After presumably realising that we’re now at epidemic levels, the FA are set to vote on whether to introduce retrospective bans for players caught diving as of next season.
According to BBC Sport, the FA board are expected to meet today and vote on bringing in the rule change ahead of the 2017/18 campaign.
The Football Association will vote on retrospective action at its annual general meeting on Thursday and is expected to approve the proposal.
Under the proposal being discussed, players will face retrospective suspensions if found guilty of having “deceived the referee and gained an unfair advantage” by an expert panel.
[The] panel would review footage from the weekend each Monday looking for cases of simulation.
Any player unanimously found guilty of diving would be given a suspension.
The FA are apparently cribbing from their Scottish counterparts (the SFA), who introduced a similar system in 2011.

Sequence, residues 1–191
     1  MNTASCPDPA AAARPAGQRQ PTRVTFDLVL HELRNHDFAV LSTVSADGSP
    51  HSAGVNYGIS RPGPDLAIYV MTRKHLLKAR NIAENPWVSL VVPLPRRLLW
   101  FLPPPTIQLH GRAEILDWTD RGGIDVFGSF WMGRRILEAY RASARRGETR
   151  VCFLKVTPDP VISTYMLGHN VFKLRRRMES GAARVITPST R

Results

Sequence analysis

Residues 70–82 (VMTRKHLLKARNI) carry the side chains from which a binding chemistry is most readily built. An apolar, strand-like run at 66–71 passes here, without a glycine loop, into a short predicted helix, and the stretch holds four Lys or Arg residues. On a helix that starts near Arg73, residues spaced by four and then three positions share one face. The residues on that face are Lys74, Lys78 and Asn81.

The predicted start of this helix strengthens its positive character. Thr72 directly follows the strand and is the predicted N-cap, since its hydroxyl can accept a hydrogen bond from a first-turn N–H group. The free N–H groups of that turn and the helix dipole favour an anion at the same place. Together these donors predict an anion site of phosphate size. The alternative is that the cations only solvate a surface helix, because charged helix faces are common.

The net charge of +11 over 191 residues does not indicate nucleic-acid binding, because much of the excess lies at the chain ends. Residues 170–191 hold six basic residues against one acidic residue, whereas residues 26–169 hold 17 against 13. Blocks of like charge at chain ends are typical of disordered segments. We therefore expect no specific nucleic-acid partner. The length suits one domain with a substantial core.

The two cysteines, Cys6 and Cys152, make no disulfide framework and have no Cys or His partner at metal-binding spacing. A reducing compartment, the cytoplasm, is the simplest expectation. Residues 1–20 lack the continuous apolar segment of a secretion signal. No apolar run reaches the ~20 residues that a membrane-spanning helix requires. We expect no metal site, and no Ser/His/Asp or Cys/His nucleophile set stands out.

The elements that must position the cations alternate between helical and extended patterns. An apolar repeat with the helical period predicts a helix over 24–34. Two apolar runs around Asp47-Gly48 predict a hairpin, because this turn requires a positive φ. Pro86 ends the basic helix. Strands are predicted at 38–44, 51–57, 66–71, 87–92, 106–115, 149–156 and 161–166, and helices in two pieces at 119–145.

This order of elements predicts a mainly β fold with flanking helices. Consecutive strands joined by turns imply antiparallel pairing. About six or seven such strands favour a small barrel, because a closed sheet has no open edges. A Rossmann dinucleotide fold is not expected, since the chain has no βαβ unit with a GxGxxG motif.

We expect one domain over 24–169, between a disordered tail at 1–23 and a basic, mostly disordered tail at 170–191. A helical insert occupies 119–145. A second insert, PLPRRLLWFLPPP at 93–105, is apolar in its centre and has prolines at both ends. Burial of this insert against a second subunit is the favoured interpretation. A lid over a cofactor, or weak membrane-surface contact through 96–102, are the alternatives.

Basically, the SFA have a ‘compliance officer’ who reviews potentially unsporting incidents post-match and determines whether or not a disciplinary notice should be handed to the player(s) in question.
The player then has the choice of either accepting or appealing the notice, with appropriate punishments metered out thereafter.
Ostensibly speaking, severe zero-tolerence punishment could have a dramatic impact on clearing up domestic football, depending how resolutely any law changes are adhered to and administered.
Despite the general ambivalence toward it, diving (and simulation, and engineering contact, and feigning injury, and time-wasting, etc, etc) isn’t clever gamesmanship, nor is it just ‘part of the modern game’ – and never should it blithely be considered as such.
UPDATE: The motion carried. The FA have now confirmed that, as of next season, players found to have “successfully deceived a match official” will be given a two-match ban for their crime.
The FA have issued a statement via their official website to confirm as much:
Where there is clear and overwhelming evidence to suggest a match official has been deceived by an act of simulation, and as a direct result, the offending player’s team has been awarded a penalty and/or an opposing player has been dismissed, The FA will be able to act retrospectively under its Fast Track system.
Let’s see how this pans out, shall we?